Tag Archives: Spencer Street

Heaton Football Memorabilia Uncovered

Heaton, of course, has a long and rich football history.

East End, the club, which went on to incorporate West End and form Newcastle United in 1892, played on Chillingham Road from 1884.

Perhaps its greatest player, captain and later director, Alec White (1860-1940, lived in Heaton, including 27 Cardigan Terrace and 48 Mowbray Street – he once scored seven or maybe nine goals (reports vary – there was no ‘dubious goals panel’ then) in a 19-0 victory. Local football historian, John Allan, recently found a rare photograph of him, which was published in a Newcastle United programme.

Article by Paul Joannou in the Newcastle United programme

Article by Paul Joannou in the Newcastle United programme

The Magpies’ most successful captain, the charismatic polymath, Colin Veitch (1881-1938), was also , of course, born locally and lived at 1 Stratford Villas:

Colin Veitch

Colin Veitch

Colin Veith's commemorative plaque

The plaque was made possible by the support of Newcastle City Council, the PFA, Chris Goulding and Keith and Sam Smith.

One of Sunderland’s best loved players and winner of four championship medals (including three Scottish titles with Glasgow Rangers), Billy Hogg (1879-1937), grew up on Spencer Street; not even Colin Veitch could match that!

Billy Hogg

Billy Hogg

And there are footballers, fondly remembered by supporters of other more distant clubs, who were buried in Heaton Cemetery, including John ‘Jock’ Smith (1865-1911), who played for Liverpool in their inaugural season in the Football League (1892-3), who tragically committed suicide aged 45, while living in Byker – he is buried in an unmarked grave.

Also buried in an unmarked grave is Bob Roberts (1863-1929) who won the cup with West Brom in 1888 and played not only in West Bromwich Albion’s first Football League game in 1888 but also the first ever recorded game of West Bromwich Strollers ten years earlier. (They changed their name to Albion in 1880.) Bob started as an outfield player for Strollers but was a distinguished goalkeeper for the Baggies. He also played for Sunderland Albion and, like Jock Smith, lived in Byker on his retirement.

Bob_Roberts_edited-2

Bob Roberts of WBA and Sunderland Albion, buried in Heaton Cemetery (Thank you to Paul Bridges for this photograph)

And, of course, there’s Heaton Stannington and other local teams, still making history.

1936 Ardath cigarette card - Heaton Stannington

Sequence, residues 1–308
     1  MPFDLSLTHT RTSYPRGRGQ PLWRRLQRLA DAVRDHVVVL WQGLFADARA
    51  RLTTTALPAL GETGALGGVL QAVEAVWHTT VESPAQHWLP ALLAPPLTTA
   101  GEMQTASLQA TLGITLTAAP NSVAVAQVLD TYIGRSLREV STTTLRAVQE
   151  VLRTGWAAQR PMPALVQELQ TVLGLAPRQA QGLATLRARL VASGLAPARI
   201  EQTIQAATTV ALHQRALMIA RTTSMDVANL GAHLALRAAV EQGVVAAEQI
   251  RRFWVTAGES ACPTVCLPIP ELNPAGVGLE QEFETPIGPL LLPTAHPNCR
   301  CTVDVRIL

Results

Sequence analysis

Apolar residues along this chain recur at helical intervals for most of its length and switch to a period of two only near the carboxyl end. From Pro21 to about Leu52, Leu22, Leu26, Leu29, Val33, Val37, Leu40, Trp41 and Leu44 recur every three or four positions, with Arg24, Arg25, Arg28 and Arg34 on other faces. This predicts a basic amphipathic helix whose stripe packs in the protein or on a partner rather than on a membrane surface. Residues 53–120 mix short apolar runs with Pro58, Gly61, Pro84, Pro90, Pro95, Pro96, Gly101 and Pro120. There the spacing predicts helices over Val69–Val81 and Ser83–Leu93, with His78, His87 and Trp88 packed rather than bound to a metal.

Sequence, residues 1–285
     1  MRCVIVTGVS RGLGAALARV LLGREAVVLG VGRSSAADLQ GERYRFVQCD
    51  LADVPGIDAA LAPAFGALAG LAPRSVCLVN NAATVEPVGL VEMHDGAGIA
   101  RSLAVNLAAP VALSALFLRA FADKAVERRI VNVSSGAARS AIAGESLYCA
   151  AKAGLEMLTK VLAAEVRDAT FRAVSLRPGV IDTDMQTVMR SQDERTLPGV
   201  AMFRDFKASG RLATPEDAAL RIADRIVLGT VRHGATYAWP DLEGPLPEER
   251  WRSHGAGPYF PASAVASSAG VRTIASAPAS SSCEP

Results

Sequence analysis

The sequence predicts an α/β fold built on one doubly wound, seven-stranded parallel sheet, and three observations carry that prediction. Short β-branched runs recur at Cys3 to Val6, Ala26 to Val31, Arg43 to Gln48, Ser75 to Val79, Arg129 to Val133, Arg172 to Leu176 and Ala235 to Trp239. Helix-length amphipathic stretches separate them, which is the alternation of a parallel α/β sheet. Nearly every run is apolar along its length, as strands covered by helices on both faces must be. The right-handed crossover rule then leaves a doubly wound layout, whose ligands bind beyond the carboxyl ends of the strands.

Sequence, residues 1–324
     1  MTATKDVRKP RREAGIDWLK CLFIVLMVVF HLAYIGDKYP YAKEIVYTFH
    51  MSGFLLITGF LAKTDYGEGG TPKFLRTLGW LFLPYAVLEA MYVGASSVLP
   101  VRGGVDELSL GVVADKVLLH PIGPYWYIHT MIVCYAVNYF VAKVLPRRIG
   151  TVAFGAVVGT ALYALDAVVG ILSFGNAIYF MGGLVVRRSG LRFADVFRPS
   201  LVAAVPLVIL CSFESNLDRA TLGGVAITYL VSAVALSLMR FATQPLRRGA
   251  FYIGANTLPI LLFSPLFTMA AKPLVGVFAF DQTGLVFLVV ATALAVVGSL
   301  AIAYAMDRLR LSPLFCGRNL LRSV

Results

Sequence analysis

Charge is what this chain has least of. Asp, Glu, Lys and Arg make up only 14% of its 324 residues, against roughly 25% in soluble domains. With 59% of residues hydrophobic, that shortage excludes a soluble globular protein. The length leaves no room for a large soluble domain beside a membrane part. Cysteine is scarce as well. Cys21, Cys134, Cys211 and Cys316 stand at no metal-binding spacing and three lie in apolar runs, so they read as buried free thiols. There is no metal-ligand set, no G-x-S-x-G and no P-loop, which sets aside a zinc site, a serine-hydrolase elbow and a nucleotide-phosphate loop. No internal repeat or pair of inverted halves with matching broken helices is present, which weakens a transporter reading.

1936 Ardath cigarette card

HeatonStanIMG_0866_edited-1resized

Heaton Stannington team, post WW1?

Christine Liddell sent us the photograph above, which she believes to be of Heaton Stan post WW1. She says her father, Tom Liddell (front row, far right) played in goal. Can anybody tell us any more about the photo?

Alan in Goals

And this photograph shows Alan Sidney-Wilmot in goal for the Stan v Crook in 1951. Alan still lives in High Heaton. (Thank you to Heaton Stan historian, Kevin Mochrie, for the photo).

And it’s fantastic to unearth new football teams and stories and so thank you to Heaton History Group member, Ian Clough, for unearthing medals belonging to yet another goalkeeper Henner Hudspeth , more famous locally as a dance band leader. Henner’s son, Michael, remembers his father pointing at what we now call Grounsell Park and telling him that he used to play football there. However, no record of him playing for Heaton Stannington has been found.  Recently rediscovered medals shows that he, in fact, played for another Heaton team, North Heaton in 1924-5.

N Heaton AFC medal_edited-2

Perhaps they also played at the old High Heaton quarry ground.

NorthHeaton about 1930

North Heaton c 1930? with Henner Hudspeth (back row, centre)

And, although it’s just outside our patch, we couldn’t resist publishing this photograph of the Maling Pottery football team, taken in the 1911-12 season, shown to us by Heaton History Group member, Paul Riding. His grandfather, Jimmy Gardner, was captain. We’re pretty sure that some of their players will have come from Heaton. Can you help us identify any? And how many will have fought – and died – in World War 1?